Another day, another Trump scandal, this one stemming from a memo written by the former FBI director, James Comey, in the aftermath of a private conversation he had with the President.  According to the Comey memo, the president urged him to drop the FBI’s investigation into Michael Flynn’s ties to Russia, using these words: “I hope you can see your way clear to letting this go, to letting Flynn go.  He is a good guy. I hope you can let this go.”

Obstruction of justice?  Impeachable offense?  That’s debatable.  But the alleged conversation obviously takes on heightened meaning after Trump fired Comey, in part because of frustration with the FBI’s investigation into alleged collusion between the Trump campaign and Russia during the election.

It’s unclear if any crimes were committed here.  What is clear is that Trump is a poor manager of himself as well as his staff.  Flynn, with his dodgy record, should never have been hired.  Furthermore, the president should not have gone out on a limb to defend him, cajoling the FBI director, in so many words, to go easy on my guy.

Perhaps Trump’s biggest flaw is his combination of boastfulness, lack of judgment, and his ego-driven need to take charge.  He reminds me of an Air Force saying: “He’s all Mach and no compass heading.”  He’ll break the sound barrier while moving in the opposite direction to sound governance.

I wrote back in March of 2016 that candidate Trump had disqualified himself from the presidency by boasting about how America’s generals would follow his orders irrespective of their legality.  My main point was that Trump had no understanding of his Constitutional responsibilities, nor did he seem to care much about learning them.  If Comey’s memo is accurate, I think it’s another instance of Trump either not knowing or not caring about propriety, about the rule of law.

Trump’s experience in life is as a CEO of a family business.  Everyone has always worked for him; in essence, he’s been King Trump.  Even though he’s now president, he still acts like a king, making up his own rules as he goes along, not knowing a rule book already exists.

Will Trump survive his first term?  As Yoda might say, Difficult to see — always in motion the future.  One thing is certain: Trump continues to consume all the oxygen in Washington, extinguishing any hope of real progress or effective governance at the federal level.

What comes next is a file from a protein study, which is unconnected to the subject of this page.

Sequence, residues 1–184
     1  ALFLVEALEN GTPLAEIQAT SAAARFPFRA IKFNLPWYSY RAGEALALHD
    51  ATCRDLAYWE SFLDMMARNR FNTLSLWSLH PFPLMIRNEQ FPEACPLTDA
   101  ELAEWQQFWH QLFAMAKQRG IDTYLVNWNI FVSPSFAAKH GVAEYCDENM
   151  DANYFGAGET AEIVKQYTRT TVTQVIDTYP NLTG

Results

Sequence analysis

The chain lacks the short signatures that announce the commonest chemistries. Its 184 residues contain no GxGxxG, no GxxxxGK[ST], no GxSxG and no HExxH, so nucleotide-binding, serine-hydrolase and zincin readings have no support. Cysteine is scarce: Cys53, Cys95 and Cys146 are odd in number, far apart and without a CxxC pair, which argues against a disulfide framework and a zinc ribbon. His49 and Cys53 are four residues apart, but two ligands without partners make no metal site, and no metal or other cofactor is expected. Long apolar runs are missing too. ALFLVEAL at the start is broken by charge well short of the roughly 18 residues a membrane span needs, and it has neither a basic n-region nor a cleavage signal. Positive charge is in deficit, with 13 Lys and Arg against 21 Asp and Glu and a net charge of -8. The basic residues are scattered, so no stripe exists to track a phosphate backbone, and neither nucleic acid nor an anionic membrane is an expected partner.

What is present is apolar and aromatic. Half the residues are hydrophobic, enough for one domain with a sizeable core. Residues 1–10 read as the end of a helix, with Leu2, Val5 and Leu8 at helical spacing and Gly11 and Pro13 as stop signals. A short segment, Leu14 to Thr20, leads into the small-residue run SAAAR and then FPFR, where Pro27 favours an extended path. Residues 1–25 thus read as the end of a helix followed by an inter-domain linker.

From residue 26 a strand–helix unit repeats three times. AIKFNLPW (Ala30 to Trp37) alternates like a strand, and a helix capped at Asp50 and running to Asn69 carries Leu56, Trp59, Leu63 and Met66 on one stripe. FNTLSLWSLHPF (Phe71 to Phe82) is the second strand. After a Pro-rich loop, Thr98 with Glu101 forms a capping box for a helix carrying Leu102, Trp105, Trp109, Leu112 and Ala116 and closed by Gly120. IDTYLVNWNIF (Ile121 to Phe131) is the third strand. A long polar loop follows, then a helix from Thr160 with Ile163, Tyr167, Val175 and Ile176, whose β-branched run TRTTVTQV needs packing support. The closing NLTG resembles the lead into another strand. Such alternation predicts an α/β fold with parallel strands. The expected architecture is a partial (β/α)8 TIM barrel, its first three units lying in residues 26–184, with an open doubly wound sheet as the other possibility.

Trump Shares Classified Material with Russia — Duck and Cover!

W.J. Astore

U.S. media outlets have been consumed by the story today that President Trump improperly or unwisely shared classified material on ISIS with the Russians, material that apparently came from Israel.  For its part, the Trump administration denies the charge that information was improperly or unwisely shared.

mcmaster
Today, National Security Adviser H.R. McMaster defends Trump’s decision to share classified information with the Russians

A couple of comments.  First, the president has broad powers of declassification and the discretion to share sensitive secrets with others.  Sharing classified information with the Russians, an ally of a sort in the struggle against ISIS, is not necessarily a bad idea. Trump seems to have decided it was a way to strengthen relations and build trust at high levels with the Russian government, a defensible position, in my view.

Second, I’ll repeat here what I said about classification and the Hillary Clinton email scandal: Far too much information is classified by the U.S. government.  Classification is vastly overused by our government to conceal many sins, blunders, nefarious designs, and who knows what else.  There’s nothing sacred about secrecy; indeed, a democracy should prefer transparency, rather than stamping everything “secret” or “top secret” and thereby keeping nearly all Americans in the dark.

Obviously, I’m not privy to the exact nature of the intelligence shared, the sensitivity and vulnerability of the source(s) and collection methods, and so on.  I’m not an intelligence trade-craft expert.  So far, Israeli operatives seem unconcerned, but whether their blase attitude is feigned or not is unknown.

Americans elected Trump because he promised to do things differently.  He campaigned on the idea of being unorthodox; indeed, he is unorthodox.  Surely no one should be surprised when he decides to speak in the clear to Russian government officials on matters concerning ISIS and terrorism.

Repeat after me, America: Secrecy is not sacred.  Transparency is desirable.  So too is building trust with rivals as well as friends.  Trump has his faults, major ones I believe, but this current controversy is a tempest in a teapot.

The Only Way to Win America’s Wars Is to End Them

W.J. Astore

Today, I saw another article on why America is losing its wars in places like Iraq, Afghanistan, and elsewhere.  The gist of this and similar articles is that America’s wars are winnable.  That is, if we bomb more, or send more troops, or change our strategy, or alter our ROE (rules of engagement), or give more latitude to the generals, or use all the weapons at our disposal (to include nukes?), and so on, these wars will prove tractable and even winnable.  This jibes with President Trump’s promises about America winning again, everywhere, especially in wars.